Returning from the River

Timucuan Preserve

By Shannon Blankinship, Outreach Director for St. Johns Riverkeeper

People that know the St. Johns River usually only know “their” part of it. Few people know the entire river – because the entire river is really big. The St. Johns River is the longest river in Florida, drains nearly 16% of our state, and changes dramatically as it slowly flows from marshes in Indian River County to the Atlantic Ocean in Duval, a distance of over 300 miles.

Recently, St. Johns Riverkeeper returned from a 13-day expedition along the entire length of the river in order to raise awareness about the issues impacting the St. Johns and to connect and collaborate with people and organizations throughout the watershed. Each of those 13 days was an entirely different experience. We didn’t just spend our time boating along the main stem of the St. Johns. We wanted to experience and better understand the tremendous diversity and expansiveness of this interconnected river system by also visiting the springs, lakes and tributaries that feed into the river and the lands that surround it. For example, the tour team visited Silver Springs. This first magnitude spring flows from the aquifer into the Silver River before converging with the Ocklawaha River, the largest tributary of the St. Johns River.  We then spent 2 full days paddling the Ocklawaha, both above the Rodman Dam and below it through a braided channel that we wouldn’t have been able to navigate without our outfitter from Adventure Outpost.

We also explored the second and third largest tributaries of the St. Johns, the Econlockhatchee and Wekiva River. Both rivers, which you can visit at any time through outfitter Adventures in Florida, are distinctly different from the St. Johns. The “Econ” is a cola-colored meandering river and required rapid paddling and quick reflexes to navigate its fast moving water. White sandy beaches and hiking trails line the shores.  The Wekiva is a blackwater river fed by more than a dozen springs and surrounded by dense green vegetation with pops of color from birds and flowers. It is the most protected river in our state designated as a National Wild and Scenic River and Outstanding Florida Water for its entire length.

The tributaries differ dramatically from the vast lakes of the St. Johns, which are really just wider dilations of the flat river floor. Starting our journey at Blue Cypress Lake meant the tour team was experiencing what seemed to be an entirely different river from the one that many of us pass over via a bridge in Northeast Florida. The marshy banks were surrounded by dwarf cypress trees, each with its own Osprey nest protected by its raucous inhabitants.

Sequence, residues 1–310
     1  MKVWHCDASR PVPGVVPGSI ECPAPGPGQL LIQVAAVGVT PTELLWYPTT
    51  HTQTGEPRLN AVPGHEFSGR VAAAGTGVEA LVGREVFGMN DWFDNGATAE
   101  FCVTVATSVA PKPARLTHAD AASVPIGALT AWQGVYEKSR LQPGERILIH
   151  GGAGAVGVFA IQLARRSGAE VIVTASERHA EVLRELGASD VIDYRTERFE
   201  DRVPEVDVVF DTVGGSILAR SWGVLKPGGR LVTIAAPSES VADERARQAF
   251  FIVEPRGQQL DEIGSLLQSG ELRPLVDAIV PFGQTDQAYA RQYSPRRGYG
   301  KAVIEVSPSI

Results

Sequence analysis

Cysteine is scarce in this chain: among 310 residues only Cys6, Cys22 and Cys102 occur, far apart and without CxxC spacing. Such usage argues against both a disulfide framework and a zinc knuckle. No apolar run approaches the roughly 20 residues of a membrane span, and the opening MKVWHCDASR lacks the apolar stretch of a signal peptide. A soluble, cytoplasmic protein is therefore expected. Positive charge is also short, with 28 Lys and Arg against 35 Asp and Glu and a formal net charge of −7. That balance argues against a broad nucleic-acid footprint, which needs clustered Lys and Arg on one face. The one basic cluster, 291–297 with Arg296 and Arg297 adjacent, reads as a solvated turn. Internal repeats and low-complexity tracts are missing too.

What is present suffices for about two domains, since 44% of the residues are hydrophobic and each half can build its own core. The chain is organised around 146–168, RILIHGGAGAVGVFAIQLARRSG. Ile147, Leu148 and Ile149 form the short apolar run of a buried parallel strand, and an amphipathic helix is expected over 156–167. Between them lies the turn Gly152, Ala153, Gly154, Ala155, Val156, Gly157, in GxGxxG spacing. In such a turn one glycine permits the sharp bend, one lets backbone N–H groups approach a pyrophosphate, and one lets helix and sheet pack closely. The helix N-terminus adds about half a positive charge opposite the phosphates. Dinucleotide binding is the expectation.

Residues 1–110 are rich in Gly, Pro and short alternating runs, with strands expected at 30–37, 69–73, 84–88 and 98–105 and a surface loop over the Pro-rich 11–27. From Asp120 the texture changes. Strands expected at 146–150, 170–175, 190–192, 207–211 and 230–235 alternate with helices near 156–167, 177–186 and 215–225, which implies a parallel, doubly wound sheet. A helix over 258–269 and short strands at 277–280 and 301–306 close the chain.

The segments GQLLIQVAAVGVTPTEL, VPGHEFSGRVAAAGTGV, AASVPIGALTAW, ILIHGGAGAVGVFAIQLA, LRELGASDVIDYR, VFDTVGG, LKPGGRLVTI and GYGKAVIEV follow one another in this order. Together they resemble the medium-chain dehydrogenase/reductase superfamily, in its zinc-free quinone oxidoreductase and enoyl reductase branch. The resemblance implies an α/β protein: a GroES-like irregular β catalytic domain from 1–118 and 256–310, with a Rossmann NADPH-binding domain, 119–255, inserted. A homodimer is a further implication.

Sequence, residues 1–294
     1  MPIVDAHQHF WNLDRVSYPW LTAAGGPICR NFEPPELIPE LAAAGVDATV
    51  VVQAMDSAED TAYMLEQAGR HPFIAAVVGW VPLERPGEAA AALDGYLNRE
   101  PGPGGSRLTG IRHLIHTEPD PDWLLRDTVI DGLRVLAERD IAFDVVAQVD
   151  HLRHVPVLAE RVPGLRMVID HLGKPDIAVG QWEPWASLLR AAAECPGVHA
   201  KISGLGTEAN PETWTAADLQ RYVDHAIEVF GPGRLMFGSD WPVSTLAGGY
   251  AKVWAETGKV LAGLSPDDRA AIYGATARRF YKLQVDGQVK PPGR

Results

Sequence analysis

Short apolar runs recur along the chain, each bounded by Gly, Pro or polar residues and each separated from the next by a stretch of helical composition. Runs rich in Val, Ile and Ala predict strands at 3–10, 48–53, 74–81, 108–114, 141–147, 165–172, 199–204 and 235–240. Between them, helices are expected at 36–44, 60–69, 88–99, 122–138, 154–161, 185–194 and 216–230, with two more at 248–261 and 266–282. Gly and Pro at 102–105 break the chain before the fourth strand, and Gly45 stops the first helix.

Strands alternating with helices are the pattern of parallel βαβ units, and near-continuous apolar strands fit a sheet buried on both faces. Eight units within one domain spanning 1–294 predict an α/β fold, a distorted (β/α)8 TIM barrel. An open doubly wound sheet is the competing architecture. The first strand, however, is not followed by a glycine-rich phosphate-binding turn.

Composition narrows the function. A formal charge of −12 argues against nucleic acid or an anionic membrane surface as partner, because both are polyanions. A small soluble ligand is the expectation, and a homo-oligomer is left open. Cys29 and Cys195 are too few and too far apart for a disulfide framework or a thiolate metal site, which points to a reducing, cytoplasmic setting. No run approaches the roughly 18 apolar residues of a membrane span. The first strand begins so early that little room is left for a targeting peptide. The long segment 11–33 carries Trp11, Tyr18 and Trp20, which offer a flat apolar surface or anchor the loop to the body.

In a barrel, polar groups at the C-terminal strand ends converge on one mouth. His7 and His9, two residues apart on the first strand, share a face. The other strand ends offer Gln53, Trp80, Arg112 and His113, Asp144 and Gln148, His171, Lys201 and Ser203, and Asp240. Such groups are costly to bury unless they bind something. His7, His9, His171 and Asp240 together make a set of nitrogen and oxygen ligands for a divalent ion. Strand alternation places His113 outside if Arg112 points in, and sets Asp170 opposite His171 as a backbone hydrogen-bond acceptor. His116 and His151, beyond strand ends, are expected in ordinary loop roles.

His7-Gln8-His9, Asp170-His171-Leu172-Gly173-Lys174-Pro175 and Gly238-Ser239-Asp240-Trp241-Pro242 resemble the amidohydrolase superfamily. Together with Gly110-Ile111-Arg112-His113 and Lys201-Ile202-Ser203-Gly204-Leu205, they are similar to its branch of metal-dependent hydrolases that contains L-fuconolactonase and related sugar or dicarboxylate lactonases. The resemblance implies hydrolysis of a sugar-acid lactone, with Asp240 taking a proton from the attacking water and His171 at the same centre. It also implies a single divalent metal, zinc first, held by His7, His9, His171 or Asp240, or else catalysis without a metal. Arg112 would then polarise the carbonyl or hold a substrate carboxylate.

When we finally reached the point that the smell of salt filled the air and seagulls had replaced the herons, we knew that we fast approaching the end of the Tour and our final destination at Huguenot Memorial Park. The Save the St. Johns Tour wasn’t just about exploring and seeing new places. It was about understanding the issues impacting our river in a holistic way, connecting with people throughout the water who care about the river as much as we do, and creating a grassroots movement to save the St. Johns. That is a journey that doesn’t end where the river meets the ocean. In fact, we are just getting started.

To learn more about the Save the St. Johns Tour or see daily videos and photos, visit

About Shannon Blankinship

Shannon Blankinship is the Outreach Director for St. Johns Riverkeeper and contributes regularly via the “On The River” column building awareness for the many issues that impact the St. Johns River. Shannon received her B.S. from Purdue University in Natural Resources Economics and Policy and her J.D. from Florida Coastal School of Law in Jacksonville. She is currently an elected official in Duval County serving on the Soil and Water Conservation District. She is a board member for the local nonprofit The Girls Gone Green and regularly contributes articles affecting animals and health. She is a Springfield resident and works to promote all things great in the urban core neighborhoods.